Camfield Estates-MIT Creating Community Connections Project
The Camfield Estates-MIT Creating Community Connections project is investigating strategies for bridging the "digital divide" (NTIA, 1995, 1997 & 1999) by examining the role of community technology in a low-income housing development, and its surrounding environs, for the purpose of community building. It is being conducted at Camfield Estates, a 102-unit, predominantly minority, low-income housing development in Roxbury, Massachusetts, and involves Camfield residents, and the associations, institutions (e.g., libraries, schools, etc.) and businesses within a 1.5 mile radius of Camfield Estates. Camfield Estates is also home to the Neighborhood Technology Center (NTC), a community technology center located on the premises, which serves additional housing developments in Roxbury.
The goals for the project are as follows:
The principal investigators for the project are Randal Pinkett, a Ph.D. candidate in the Epistemology and Learning Group at the MIT Media Laboratory, and Richard O'Bryant, a Ph.D. candidate in the Planning Support Systems Group in the MIT Department of Urban Studies and Planning.
The following individuals are also involved with the project:
The W.K. Kellogg Foundation has committed $200,000 toward this project as a monetary grant, Hewlett-Packard has donated approximately $100,000 of computer hardware as an in-kind equipment grant, RCN Telecom Services, a cable Internet provider in the greater Boston area, has agreed to provide a 50% discount off their cable-modem Internet connectivity, as an in-kind service grant, Microsoft Corporation has donated free copies of Microsoft Office, and ArsDigita is providing free technical assistance. With these resources, a community technological infrastructure has been established at Camfield Estates consisting of a computer and a high-speed Internet connection in each unit.
This project is also supported by grants from Lucent Technologies, the US Department of Housing and Urban Development (HUD), and the Institute for African-American Electronic Commerce (iAAEC), along with support from Youth Build of Boston, and the William Monroe Trotter Institute at the University of Massachusetts at Boston.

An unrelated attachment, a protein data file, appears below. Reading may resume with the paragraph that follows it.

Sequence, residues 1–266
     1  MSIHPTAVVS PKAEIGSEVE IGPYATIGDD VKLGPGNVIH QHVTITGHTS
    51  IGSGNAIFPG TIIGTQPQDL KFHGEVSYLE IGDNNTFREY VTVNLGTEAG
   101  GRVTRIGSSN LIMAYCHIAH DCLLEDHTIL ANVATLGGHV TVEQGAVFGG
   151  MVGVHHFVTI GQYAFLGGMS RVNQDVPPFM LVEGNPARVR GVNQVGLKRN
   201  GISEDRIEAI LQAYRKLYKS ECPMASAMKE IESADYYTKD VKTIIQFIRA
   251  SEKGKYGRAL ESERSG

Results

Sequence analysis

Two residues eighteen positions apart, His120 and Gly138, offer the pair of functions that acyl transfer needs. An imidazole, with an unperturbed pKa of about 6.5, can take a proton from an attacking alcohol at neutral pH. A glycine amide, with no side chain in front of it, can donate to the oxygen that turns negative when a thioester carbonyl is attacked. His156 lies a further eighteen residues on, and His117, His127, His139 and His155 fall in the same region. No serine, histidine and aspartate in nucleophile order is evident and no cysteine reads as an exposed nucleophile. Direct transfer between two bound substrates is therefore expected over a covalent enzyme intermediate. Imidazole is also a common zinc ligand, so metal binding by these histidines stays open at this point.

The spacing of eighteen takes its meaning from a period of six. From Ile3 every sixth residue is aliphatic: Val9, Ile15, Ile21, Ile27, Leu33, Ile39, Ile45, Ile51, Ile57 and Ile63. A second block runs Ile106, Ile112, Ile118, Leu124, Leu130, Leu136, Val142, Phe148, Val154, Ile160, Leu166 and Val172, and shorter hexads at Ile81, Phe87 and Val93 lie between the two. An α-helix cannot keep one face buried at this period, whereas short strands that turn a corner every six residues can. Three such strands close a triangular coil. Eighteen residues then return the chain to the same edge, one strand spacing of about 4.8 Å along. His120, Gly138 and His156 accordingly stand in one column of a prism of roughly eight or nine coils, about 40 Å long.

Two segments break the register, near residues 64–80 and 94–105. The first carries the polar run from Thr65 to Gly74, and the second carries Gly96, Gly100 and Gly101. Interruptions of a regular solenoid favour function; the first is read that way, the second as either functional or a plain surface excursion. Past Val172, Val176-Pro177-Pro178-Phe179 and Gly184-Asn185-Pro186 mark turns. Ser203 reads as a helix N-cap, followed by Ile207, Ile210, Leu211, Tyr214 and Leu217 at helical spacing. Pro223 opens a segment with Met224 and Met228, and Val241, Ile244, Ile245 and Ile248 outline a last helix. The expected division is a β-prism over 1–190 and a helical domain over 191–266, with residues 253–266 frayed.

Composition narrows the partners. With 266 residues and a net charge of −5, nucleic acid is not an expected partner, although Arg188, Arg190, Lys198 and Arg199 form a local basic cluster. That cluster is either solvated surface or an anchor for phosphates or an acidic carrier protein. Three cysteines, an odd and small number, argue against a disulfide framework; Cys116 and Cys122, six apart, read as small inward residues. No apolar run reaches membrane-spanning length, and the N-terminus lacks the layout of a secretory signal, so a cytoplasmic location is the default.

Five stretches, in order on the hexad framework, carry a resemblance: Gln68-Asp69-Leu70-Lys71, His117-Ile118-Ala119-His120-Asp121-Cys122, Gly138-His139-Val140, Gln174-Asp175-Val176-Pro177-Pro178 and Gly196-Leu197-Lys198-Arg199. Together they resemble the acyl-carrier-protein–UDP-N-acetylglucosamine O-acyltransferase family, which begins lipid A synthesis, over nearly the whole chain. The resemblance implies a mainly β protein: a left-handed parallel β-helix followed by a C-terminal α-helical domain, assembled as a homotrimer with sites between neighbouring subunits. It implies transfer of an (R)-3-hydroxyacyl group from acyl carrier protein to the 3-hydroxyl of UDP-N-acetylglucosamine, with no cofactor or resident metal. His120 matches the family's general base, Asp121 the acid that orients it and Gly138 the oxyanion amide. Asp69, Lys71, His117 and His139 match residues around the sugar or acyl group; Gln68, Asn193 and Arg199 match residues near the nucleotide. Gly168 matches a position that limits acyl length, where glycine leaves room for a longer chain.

Community building is being accomplished using an asset-based approach to community building (Kretzmann & McKnight, 1993) that relies heavily on resident involvement and broad community participation in mapping and mobilizing community assets. This is coupled with comprehensive training for community members in community building and computer hardware and software, as well the availability of a database-backed web system currently undergoing development at MIT, the Creating Community Connections (C3) system.
C3 is a sociocultural constructionist (Pinkett, 2000) tool, specifically designed to create connections between residents, local associations and institutions, and neighborhood businesses, as a means toward a social and cultural resonance that achieves community engagement via technology. C3 was first developed and prototyped as part of an ongoing pilot study at federally-assisted, affordable housing development, Northwest Tower, in Chicago, Illinois, in collaboration with Nicol Turner at the Asset Based Community Development Institute at Northwestern University (Turner & Pinkett, 2000).
The purpose of this project is to identify the critical success factors for integrating a community technology and community building initiative in a low-income housing development, and its surrounding environs. We anticipate that an asset-based approach to community building, coupled with socioculturally constructive community technology, will cause an increase in community social capital (Mattesich & Monsey, 1997; Putnam, 1995) and will facilitate the activation of community cultural capital (Bourdieu & Passeron, 1977; Lamont & Lareau, 1988; Zweigenhaft, 1993), as a result of residents' involvement as active agents of change and active producers of community content.